Sending Office: Honorable Norma J. Torres
Please join us in sending a letter to the leadership of the Committee on Appropriations’ Subcommittee on Homeland Security, urging that funds in the Fiscal Year 2019 Homeland Security Appropriations bill are not utilized to deport those individuals who are
eligible to participate in the Deferred Action for Child Arrivals (DACA) program.
We are all frustrated by the lack of progress on a solution for DREAMers. It is shameful that Congress has, thus far, failed to act. Yet we must continue to fight to protect DREAMers. As we continue to work to bring bipartisan DREAM legislation to the floor,
it is imperative that no funds be spent on deporting DREAMers.
NORMA J. TORRES BETO O’ROURKE
Member of Congress Member of Congress
Dear Chairman Carter and Ranking Member Roybal-Allard,
As you continue work on the Fiscal Year 2019 Homeland Security Appropriations bill, we write to urge you to ensure that appropriated funds are not utilized to deport those individuals who are eligible to participate in the Deferred Action for Child Arrivals
Since its creation in 2012, the DACA program has provided protection from Deportation to hundreds of thousands of young people who were brought here as children, and who seek to contribute to their adopted country through work and study. Furthermore, the
DACA program gave hope to many more DREAMers who were eligible for the program and intended to apply. However, as you know, in September 2017, the Trump administration nullified the DACA program, placing in jeopardy the future of those young people who had
already received protection through DACA, and crushing the dreams of those who were eligible for the program’s benefits, but had not yet applied.
In the past several months, judges in California, New York, and Maryland have issued rulings regarding the administration’s decision to end DACA. Those rulings have obliged the United States Citizenship and Immigration Services to process renewal applications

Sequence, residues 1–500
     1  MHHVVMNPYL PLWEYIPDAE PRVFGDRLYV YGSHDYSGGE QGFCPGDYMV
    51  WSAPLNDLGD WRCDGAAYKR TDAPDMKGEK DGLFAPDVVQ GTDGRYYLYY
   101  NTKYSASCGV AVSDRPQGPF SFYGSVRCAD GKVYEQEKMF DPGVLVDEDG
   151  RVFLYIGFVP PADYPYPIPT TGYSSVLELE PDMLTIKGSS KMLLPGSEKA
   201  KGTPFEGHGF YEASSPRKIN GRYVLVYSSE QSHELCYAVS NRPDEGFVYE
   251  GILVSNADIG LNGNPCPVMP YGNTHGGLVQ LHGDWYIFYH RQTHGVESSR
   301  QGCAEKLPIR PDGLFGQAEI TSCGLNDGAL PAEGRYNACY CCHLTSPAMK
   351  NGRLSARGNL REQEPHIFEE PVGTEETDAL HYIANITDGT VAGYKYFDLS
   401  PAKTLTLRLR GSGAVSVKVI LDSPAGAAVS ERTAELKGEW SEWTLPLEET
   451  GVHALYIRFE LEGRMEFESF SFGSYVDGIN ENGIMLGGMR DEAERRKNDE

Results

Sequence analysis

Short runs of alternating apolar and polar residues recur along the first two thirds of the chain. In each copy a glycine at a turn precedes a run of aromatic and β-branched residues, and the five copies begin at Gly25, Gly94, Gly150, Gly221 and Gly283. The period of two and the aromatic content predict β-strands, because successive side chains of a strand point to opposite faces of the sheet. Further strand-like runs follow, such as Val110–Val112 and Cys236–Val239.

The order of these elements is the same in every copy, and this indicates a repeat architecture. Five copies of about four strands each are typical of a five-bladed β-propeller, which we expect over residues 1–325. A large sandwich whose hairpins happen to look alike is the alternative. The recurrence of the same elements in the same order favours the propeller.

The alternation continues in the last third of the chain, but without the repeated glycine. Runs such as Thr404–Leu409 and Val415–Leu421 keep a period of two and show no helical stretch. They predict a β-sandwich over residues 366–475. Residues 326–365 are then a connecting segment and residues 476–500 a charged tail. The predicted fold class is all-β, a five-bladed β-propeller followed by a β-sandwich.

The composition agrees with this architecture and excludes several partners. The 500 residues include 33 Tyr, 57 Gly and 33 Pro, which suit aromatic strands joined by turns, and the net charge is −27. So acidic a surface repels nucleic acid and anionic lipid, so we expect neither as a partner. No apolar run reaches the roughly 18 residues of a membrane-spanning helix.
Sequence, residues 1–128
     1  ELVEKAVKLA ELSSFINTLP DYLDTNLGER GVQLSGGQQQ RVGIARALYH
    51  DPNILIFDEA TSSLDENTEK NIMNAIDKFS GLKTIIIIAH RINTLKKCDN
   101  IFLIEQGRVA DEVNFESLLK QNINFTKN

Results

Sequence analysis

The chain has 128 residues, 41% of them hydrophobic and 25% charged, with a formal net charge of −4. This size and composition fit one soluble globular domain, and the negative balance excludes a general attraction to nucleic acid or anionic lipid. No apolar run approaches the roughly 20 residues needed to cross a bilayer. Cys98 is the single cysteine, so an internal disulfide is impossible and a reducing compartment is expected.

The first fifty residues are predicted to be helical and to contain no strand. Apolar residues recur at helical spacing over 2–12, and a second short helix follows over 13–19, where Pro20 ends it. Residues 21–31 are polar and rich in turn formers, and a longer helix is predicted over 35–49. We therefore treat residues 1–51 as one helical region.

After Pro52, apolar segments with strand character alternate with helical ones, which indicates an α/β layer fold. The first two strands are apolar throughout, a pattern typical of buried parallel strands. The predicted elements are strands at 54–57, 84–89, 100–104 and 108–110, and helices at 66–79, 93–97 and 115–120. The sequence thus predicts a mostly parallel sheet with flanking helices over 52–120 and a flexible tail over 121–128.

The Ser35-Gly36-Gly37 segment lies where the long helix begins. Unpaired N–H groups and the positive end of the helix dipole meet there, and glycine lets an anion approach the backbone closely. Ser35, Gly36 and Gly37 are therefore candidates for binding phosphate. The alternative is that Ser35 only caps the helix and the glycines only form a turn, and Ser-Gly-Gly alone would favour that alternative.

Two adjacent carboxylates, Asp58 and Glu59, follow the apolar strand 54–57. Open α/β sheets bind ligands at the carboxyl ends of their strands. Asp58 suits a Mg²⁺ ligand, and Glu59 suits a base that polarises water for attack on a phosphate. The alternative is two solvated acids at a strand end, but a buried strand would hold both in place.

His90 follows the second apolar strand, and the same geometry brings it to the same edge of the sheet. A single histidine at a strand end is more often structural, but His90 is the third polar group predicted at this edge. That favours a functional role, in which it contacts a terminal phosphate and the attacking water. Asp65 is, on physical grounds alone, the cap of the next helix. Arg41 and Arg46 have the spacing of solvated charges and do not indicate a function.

of current and former DACA participants, and to refrain from sharing identifying information of DACA beneficiaries. Additionally, a judge in the District of Columbia has ruled that DACA would be fully reinstated unless the Trump Administration adequately justifies
the DACA nullification within 90 days of his ruling, which was handed down on April 24, 2018.
At the same time, Members of Congress in both chambers have been working on a bipartisan basis to find a legislative path forward for DREAMers. In particular, Representatives Jeff Denham, Will Hurd, and Carlos Curbelo have sought support for a “Queen of
the Hill” rule to identify the DACA fix with the broadest support among House members. If adopted, H.Res 774 would provide for consideration of four different DACA fixes, including one Democratic-sponsored bill and three Republican-sponsored bills; the bill
receiving the greatest number of votes would be considered as adopted by the House of Representatives.
We are committed to continuing to work through the legislative process to find a solution that protects DREAMers and allows them to contribute to our nation through work and study, free from the fear that comes from the prospect of deportation to countries
that many DREAMers barely know. As these negotiations continue, and as the various legal challenges to DACA nullification proceed, we respectfully urge you to ensure, through the inclusion of reasonable limitations on Immigration and Customs Enforcement funding
in the Fiscal Year 2019 Homeland Security Appropriations Act, that taxpayer funds are not utilized to deport DREAMers.
Thank you for considering this request, and for all of your work on the Fiscal Year 2019 Homeland Security Appropriations Act.
Members of Congress
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